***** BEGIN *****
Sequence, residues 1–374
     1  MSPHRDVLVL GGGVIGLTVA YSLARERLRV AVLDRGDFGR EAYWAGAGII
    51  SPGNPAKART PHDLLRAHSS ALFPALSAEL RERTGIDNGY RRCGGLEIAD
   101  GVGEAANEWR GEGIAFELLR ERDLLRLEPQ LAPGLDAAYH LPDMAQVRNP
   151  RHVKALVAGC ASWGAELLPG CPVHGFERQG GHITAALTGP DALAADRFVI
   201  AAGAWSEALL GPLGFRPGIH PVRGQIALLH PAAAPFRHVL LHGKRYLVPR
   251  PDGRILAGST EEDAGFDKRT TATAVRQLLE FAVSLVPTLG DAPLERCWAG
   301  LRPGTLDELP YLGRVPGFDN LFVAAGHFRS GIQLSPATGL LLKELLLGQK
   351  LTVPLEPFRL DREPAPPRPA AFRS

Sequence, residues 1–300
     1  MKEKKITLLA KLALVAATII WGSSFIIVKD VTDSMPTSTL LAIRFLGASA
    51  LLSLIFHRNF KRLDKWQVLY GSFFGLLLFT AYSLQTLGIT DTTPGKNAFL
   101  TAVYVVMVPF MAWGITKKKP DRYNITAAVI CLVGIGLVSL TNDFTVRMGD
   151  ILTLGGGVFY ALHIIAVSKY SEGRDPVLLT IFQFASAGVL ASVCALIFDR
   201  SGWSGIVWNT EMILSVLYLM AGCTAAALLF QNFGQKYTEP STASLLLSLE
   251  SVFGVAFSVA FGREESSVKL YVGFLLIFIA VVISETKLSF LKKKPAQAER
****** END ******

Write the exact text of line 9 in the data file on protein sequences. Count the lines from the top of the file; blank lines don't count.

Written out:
   351  LTVPLEPFRL DREPAPPRPA AFRS